When Mae Krier and Marian Wynn, both 95, arrived at our Honolulu maintenance hangar to speak to our Women in Aviation employee resource group and other female mechanics and engineers, they were also observing 80 years since their lives (and the entire world) was forever changed by the attack on Pearl Harbor.
Krier and Wynn joined millions of women who entered the workforce during World War II, due in large part to the extremely popular "Rosie the Riveter" campaign. Of those women, 310,000 worked in the U.S. aircraft industry in 1943, making up 65 percent of the industry’s total workforce (compared to just 1 percent in the pre-war years).
Krier was a bucker and riveter in the Boeing factory, building B-17 and B-29 bombers. Wynn was a pipe welder at the Richmond Kaiser Shipyard.
“You first became a bucker and then you became a riveter. A bucker and riveter work in tandem, one on either side of the fuselage, bucking on the inside and riveting on the outside," Krier told the group. "You had to be pretty flexible and not be claustrophobic! We would use a communication system using the bucker bar for our message. You would tap it so many times to remove a rivet or so many times to hit it again and so forth, it became like a rhythm."
Elouisa "Eli" Oki, a structures engineering manager at Hawaiian and member of the U.S. Army Reserve, was honored to meet the women and hear their story. Oki started her career at Hawaiian in 2009 fresh out of college as an A&P technician. She went on to become an engineer in 2012.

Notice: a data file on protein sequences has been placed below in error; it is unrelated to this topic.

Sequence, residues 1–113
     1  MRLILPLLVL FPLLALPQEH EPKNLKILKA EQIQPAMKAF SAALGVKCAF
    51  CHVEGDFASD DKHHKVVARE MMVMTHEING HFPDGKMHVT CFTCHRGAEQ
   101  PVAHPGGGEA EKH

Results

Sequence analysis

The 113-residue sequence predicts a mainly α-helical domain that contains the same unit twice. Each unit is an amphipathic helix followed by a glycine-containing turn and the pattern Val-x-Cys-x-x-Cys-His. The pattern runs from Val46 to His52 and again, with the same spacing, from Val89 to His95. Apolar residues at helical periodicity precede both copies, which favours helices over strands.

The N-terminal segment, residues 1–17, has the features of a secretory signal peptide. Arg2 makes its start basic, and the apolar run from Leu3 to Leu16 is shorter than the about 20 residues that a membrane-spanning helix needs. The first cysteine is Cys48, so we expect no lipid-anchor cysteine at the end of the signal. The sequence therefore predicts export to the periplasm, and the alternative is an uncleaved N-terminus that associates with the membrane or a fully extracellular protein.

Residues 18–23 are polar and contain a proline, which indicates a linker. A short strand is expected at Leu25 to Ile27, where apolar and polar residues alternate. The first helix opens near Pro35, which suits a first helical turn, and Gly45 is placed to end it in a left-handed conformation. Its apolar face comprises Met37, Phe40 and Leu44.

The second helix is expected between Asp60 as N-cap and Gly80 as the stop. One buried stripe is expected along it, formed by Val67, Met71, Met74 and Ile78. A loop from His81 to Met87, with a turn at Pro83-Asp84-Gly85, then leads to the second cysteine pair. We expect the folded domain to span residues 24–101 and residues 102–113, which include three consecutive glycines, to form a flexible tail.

"These women opened the door for us and made it easier to be in this industry. I have no words on what this day means to me," she said.
Oki and the other women showed the "Rosies" around the hangar explaining their roles in the facility, located less than five miles away from Pearl Harbor National Memorial. Krier touched the rivets of our Boeing 717 aircraft and both women posed for pictures with eager employees.
Before departing, Oki presented the women with a special gift to 'mahalo' them for all they've done, and continue to do - an ʻIʻiwi bird ornament (Hawaiian Airlines’ logo from 1952-66) made out of aircraft sheet metal and a single rivet for the eye.
"How can we show them that what they did really made a difference? Today was about showing appreciation to these women. Even to this day, they're still trying to make an impact and spread the word about women in aviation,” Oki said.
“As a member of our employee resource group, we do a lot to bring awareness to women in aviation. I think a lot of girls still don't know the roles they can have in certain careers until they see a female in that position. And I'm trying to do that for the next generation of women,” she added.